I recently evaluated an 8 year old third grade girl who had significant reading, spelling and writing issues.
Previously evaluated by the special education team and a local hospital, the mom was informed that her child was “average.”
Closer inspection of the child’s assessment data found scores around the 15th to the 20th percentiles on tasks such as word identification, oral reading fluency, spelling and written expression – not quite “average” in my book. (When was the last time that you felt good about 85 people out of 100 beating you in a race, which is what the 15th %ile represents?)
Yet, the child was considered “average” and the case was closed. No services warranted. Thank you very much.
As I would have predicted from the previous assessments, there were “red flag” concerns that I identified. When I shared these concerns, the mom said something like, “I knew it in kindergarten, but I was dismissed. Everyone said, ‘she’s so cute, she’s so sweet,’ but I knew there was something up with her, but I kept hearing that I was overacting or exaggerating.”
So, now in third grade it is clear that the child is overwhelmed by the level of demands placed on her, yet no one is stepping forward to offer this child a life vest or to teach her how to swim.
The take away point is that I have found practically 99% of the time that “where there’s smoke, there’s fire.” That is, the mom knew that there was something going on when the child was in kindergarten.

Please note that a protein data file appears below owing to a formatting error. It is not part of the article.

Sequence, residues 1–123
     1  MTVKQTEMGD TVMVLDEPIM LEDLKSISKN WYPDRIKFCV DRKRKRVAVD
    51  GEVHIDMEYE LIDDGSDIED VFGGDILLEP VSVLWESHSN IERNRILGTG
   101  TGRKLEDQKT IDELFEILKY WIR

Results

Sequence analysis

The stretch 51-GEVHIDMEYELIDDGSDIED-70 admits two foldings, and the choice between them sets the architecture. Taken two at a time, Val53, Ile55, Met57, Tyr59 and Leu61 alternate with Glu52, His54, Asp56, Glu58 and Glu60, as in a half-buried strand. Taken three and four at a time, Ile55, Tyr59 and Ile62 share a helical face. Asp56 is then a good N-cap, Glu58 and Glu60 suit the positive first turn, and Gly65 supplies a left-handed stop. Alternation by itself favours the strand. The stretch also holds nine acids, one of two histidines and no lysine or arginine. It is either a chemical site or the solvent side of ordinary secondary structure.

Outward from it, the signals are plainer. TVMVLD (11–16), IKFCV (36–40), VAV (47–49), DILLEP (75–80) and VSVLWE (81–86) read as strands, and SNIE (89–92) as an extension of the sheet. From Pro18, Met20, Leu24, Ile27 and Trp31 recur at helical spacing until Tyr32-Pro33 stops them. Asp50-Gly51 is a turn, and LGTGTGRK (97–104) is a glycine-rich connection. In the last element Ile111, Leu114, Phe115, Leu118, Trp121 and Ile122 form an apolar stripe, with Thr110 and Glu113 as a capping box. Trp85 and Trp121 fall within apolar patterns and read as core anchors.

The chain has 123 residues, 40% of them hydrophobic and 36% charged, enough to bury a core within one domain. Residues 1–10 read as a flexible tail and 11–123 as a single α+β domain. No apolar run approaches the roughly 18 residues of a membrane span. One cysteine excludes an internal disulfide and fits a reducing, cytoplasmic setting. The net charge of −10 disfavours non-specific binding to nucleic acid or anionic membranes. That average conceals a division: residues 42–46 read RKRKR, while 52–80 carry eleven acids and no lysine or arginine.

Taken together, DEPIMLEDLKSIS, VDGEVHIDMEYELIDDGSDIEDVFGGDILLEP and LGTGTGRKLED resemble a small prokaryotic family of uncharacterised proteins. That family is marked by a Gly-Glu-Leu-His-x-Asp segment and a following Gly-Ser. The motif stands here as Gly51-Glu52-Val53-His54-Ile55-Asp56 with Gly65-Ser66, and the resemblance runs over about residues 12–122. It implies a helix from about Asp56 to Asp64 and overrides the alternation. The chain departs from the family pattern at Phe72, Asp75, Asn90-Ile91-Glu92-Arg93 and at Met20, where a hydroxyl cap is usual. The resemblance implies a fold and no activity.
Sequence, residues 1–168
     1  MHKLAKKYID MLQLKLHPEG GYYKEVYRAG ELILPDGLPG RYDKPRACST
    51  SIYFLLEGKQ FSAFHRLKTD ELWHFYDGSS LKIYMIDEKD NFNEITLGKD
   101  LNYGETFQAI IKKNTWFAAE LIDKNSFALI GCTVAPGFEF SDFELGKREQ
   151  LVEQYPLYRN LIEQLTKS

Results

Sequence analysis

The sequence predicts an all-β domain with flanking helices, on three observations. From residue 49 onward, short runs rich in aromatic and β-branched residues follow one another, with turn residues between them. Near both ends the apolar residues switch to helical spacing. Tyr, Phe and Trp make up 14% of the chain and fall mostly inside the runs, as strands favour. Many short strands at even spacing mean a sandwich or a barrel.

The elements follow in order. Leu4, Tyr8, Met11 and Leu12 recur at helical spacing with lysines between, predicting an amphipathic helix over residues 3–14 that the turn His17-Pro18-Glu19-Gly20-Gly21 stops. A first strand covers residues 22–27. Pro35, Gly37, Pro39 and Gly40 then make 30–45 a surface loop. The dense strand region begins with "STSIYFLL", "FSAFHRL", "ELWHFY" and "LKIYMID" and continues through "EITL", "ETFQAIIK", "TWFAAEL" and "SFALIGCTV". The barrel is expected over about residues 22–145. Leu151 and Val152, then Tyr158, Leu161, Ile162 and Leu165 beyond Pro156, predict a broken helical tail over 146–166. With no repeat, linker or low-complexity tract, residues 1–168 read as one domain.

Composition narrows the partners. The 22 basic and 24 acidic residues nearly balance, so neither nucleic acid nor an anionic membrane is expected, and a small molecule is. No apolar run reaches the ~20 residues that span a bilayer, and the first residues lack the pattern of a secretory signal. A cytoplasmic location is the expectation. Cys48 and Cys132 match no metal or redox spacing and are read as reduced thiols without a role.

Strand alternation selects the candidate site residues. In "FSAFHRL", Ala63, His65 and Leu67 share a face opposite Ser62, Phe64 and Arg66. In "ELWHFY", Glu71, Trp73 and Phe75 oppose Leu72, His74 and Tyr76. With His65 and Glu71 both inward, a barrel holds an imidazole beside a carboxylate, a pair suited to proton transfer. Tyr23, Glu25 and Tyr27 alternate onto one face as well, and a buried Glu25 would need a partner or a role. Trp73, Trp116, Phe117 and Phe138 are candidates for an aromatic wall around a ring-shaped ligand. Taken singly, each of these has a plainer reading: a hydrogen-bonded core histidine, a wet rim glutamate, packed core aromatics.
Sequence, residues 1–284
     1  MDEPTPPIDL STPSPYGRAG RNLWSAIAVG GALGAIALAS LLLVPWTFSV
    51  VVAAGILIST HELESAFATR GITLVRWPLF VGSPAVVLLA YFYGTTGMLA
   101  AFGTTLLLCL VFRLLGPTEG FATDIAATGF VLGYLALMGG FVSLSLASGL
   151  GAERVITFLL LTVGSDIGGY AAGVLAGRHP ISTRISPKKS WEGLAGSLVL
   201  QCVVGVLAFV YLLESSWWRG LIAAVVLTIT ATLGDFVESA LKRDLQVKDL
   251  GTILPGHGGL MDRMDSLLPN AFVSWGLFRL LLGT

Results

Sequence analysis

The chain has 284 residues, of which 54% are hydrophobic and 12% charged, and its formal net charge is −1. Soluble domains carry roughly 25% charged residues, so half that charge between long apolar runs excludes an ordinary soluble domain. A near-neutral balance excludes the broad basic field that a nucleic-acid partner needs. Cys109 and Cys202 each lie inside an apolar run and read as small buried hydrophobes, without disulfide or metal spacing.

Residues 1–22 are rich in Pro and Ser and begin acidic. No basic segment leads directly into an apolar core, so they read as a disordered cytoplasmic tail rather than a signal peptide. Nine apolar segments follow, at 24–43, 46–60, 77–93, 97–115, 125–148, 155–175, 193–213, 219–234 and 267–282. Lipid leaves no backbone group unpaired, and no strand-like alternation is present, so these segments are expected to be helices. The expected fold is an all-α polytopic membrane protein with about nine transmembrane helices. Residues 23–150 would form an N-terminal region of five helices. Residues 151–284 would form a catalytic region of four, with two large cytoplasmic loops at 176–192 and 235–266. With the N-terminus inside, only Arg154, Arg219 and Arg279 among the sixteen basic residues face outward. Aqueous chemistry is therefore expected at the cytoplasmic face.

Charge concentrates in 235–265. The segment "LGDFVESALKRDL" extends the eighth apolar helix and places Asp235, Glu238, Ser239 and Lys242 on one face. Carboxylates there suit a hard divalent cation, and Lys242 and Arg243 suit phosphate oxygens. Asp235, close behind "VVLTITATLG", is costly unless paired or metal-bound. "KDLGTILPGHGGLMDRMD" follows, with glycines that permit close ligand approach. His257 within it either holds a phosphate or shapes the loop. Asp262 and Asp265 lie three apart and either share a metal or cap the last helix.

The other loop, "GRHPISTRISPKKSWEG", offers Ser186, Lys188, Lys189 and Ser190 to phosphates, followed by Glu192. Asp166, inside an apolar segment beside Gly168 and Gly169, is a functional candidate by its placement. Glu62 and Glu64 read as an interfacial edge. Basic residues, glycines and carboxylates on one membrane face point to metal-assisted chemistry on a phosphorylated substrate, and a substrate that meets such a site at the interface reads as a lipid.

There was plenty of smoke. Something should have been done then.
My dad was a horse player who schooled me from a young age on odds. Thinking of odds, I can tell you this. If a mom thinks that something is going on with her child, I would bet there is and win that bet virtually every time (and do a lot better than my dad ever did betting the horses).
It’s extremely rare that a mom raises concerns and the results don’t support her concerns.
So, moms (forget the dads), when you think something is going on, odds are there is. The odds that it is just a mom being unduly anxious are extremely low.
Unfortunately, in school for a child to get a life preserver or some other such thing to help him/her to swim in the deep end of the pool, there has to be a significant and severe discrepancy shown between the child’s theoretical level of intelligence (i.e., IQ) and an the achievement score.
In the case of the child mentioned above, the fact that 85% of the other kids her age were beating her in a race was not enough. That was fine – she was viewed as “average.”
I just didn’t agree with this view. I thought she needed a lot of help.
So did the mom who has known since kindergarten that her daugher needed help.
It’s a shame that no one listened to her.
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